I stumbled across this celebration outside of City Hall. M and I attended a conference reception in the building the evening before, and here I was witnessing a quite different government function.
The marriage caught my attention because of the woman tossing rice rather than the bride with her understated dress and unfussy bouquet.
French: Entre deux coeurs qui s’aiment, nul besoin de paroles.
English: Two hearts in love need no words.
The Eiffel Tower is eighty-one stories high and more than 10,000 tons. A restaurant and a radio tower, it is a breathtaking art piece that, among other highlights, sparkles (around ten at night as if it is decorated with thousands of the Fourth of July sparklers) and features the names of mathematicians and scientists.
This man is roasting corn in a barrel of fire on a bustling street corner close to a Metro station. No one seems excited by his presence or his occupation other than those who want a delicious ear of corn.
Last night, as we walked along the Seine, the banks were swarming with people picnicking into dusk. In one area, a group had fashioned a tightrope (perhaps two feet off the ground) between two trees, and people would take turns attempting the journey, laughing in the cool night air.
Across the way, there were small amphitheaters. Each area featured a different form of dancing and music. People walked up or rode up by bicycle and strapped on their dancing shoes.
“[When] humans come together for any reason, music is there: weddings, funerals, graduation from college, men marching off to war, stadium sporting events, a night on the town, prayer, a romantic dinner, mothers rocking their infants to sleep … music is a part of the fabric of everyday life.” Daniel J. Levitin, THIS IS YOUR BRAIN ON MUSIC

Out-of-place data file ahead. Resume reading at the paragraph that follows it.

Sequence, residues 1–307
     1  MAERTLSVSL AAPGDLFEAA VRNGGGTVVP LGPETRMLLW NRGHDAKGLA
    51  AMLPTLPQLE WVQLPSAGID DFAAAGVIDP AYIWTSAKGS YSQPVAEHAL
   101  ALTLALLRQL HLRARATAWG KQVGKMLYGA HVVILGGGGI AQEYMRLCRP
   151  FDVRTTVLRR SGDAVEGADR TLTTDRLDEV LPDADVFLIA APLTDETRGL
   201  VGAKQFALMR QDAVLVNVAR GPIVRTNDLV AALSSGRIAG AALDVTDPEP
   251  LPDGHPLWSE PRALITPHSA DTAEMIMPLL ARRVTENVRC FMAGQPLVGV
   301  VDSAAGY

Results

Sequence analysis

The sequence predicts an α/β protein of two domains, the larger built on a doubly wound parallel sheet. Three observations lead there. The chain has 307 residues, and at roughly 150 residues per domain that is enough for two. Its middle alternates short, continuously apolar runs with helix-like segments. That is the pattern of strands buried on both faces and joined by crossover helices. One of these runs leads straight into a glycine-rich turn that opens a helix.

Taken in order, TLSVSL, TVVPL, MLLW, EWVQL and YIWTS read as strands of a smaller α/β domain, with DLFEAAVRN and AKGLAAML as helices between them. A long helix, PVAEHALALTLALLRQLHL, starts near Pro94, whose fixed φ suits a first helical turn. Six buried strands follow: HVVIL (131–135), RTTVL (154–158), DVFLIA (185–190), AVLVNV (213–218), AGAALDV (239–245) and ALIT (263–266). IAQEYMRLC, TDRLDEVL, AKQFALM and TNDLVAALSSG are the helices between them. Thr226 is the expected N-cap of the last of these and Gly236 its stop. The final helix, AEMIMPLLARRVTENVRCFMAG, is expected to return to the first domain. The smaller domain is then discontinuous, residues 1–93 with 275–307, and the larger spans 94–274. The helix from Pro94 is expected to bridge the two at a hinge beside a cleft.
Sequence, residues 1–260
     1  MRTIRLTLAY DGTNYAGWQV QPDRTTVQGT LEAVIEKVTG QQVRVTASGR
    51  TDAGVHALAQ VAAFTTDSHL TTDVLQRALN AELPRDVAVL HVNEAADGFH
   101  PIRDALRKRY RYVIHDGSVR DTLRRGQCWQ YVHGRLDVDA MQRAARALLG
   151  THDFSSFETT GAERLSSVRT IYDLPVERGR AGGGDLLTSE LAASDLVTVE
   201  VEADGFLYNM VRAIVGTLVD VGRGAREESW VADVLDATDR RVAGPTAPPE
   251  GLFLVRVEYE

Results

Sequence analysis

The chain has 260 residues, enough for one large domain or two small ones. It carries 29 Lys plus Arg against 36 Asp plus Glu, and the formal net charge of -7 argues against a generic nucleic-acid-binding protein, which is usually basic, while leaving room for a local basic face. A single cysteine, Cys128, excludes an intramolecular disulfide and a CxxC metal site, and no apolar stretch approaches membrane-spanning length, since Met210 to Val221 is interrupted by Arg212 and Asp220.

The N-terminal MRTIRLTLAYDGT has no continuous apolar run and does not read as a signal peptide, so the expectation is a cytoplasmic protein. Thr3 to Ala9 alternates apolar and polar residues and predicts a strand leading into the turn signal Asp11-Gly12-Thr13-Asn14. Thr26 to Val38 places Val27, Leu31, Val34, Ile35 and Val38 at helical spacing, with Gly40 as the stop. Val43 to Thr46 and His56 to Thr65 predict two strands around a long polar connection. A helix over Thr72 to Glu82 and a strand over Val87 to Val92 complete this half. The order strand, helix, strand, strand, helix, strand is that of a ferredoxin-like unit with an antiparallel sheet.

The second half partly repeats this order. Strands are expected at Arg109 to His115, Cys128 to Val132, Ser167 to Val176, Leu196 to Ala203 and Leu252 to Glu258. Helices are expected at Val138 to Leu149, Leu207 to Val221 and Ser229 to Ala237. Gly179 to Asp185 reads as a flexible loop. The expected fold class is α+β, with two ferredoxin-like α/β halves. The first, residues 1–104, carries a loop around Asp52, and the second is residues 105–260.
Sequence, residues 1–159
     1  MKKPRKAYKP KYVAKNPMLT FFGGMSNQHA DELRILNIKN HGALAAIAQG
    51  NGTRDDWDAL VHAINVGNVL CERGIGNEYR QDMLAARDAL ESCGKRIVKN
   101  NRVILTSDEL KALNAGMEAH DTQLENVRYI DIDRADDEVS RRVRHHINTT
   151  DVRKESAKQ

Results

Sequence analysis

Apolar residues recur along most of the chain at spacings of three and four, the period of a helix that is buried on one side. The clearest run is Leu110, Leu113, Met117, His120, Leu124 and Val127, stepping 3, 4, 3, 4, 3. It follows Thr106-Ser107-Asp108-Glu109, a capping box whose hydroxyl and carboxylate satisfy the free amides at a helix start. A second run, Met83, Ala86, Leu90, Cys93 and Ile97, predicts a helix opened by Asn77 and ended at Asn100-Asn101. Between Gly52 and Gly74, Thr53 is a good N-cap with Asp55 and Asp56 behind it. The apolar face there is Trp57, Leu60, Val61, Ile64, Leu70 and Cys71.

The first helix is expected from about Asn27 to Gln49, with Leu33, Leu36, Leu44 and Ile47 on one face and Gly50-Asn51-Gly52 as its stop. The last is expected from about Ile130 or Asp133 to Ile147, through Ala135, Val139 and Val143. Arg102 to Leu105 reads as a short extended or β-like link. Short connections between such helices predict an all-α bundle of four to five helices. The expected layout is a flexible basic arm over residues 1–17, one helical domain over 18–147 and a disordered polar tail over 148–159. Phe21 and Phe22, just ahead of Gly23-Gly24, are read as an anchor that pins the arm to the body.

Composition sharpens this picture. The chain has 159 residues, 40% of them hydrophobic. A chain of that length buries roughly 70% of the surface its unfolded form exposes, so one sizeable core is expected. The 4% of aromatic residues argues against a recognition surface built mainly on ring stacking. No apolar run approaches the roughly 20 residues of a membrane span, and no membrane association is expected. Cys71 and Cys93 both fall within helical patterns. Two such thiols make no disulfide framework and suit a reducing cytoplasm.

This piano was in the Eurostar station in London. The keyboard lid, opened, asks: “Play me, I’m yours.” This tiny virtuoso was highly skilled at capturing crowds of attention as he tinkered with the keys.
Since I’m focused on language and culture here: According to Karen Sprey of gizmag: “It’s often said that a picture is worth a thousand words but the same image can have different meanings across cultures. Music, however, may bridge the cultural divide: a new study has shown that regardless of culture or previous exposure, people were accurately able to recognize three emotions in Western music – happiness, sadness and fear.”
Sprey, Karen. “Music Really Is a Universal Language.” Gizmag, n.d. Web. 30 Aug. 2012.
Knowing no French, and with little assistance from our waitress (she offered, but I was feeling brave), I requested Terrine de campagne du pere Lefevre. It was a pate, but it was more like spam and meatier (if that’s possible). I ate as much as I could (not much) and had M help me. The waitress said I should have had it on the bread at the table. The main dish was Onglet de bouf Angus poele, pleurotes et pommes de terre sautéed. This was, despite the oceanic saltiness, quite savory. I knew I was getting beef and potatoes; this was far more delicious than I imagined. Pictured here is dessert. My dessert was a strawberry and white chocolate extravaganza: Mille feuilles de fraises au chocolat blanc. M had a stunning chocolate mousse with raspberry sorbet: Feuillantine au chocolat nor et sorbet framboise. It seems fitting that the first post from France should feature food and the disappointment and delight of discovering what words taste like.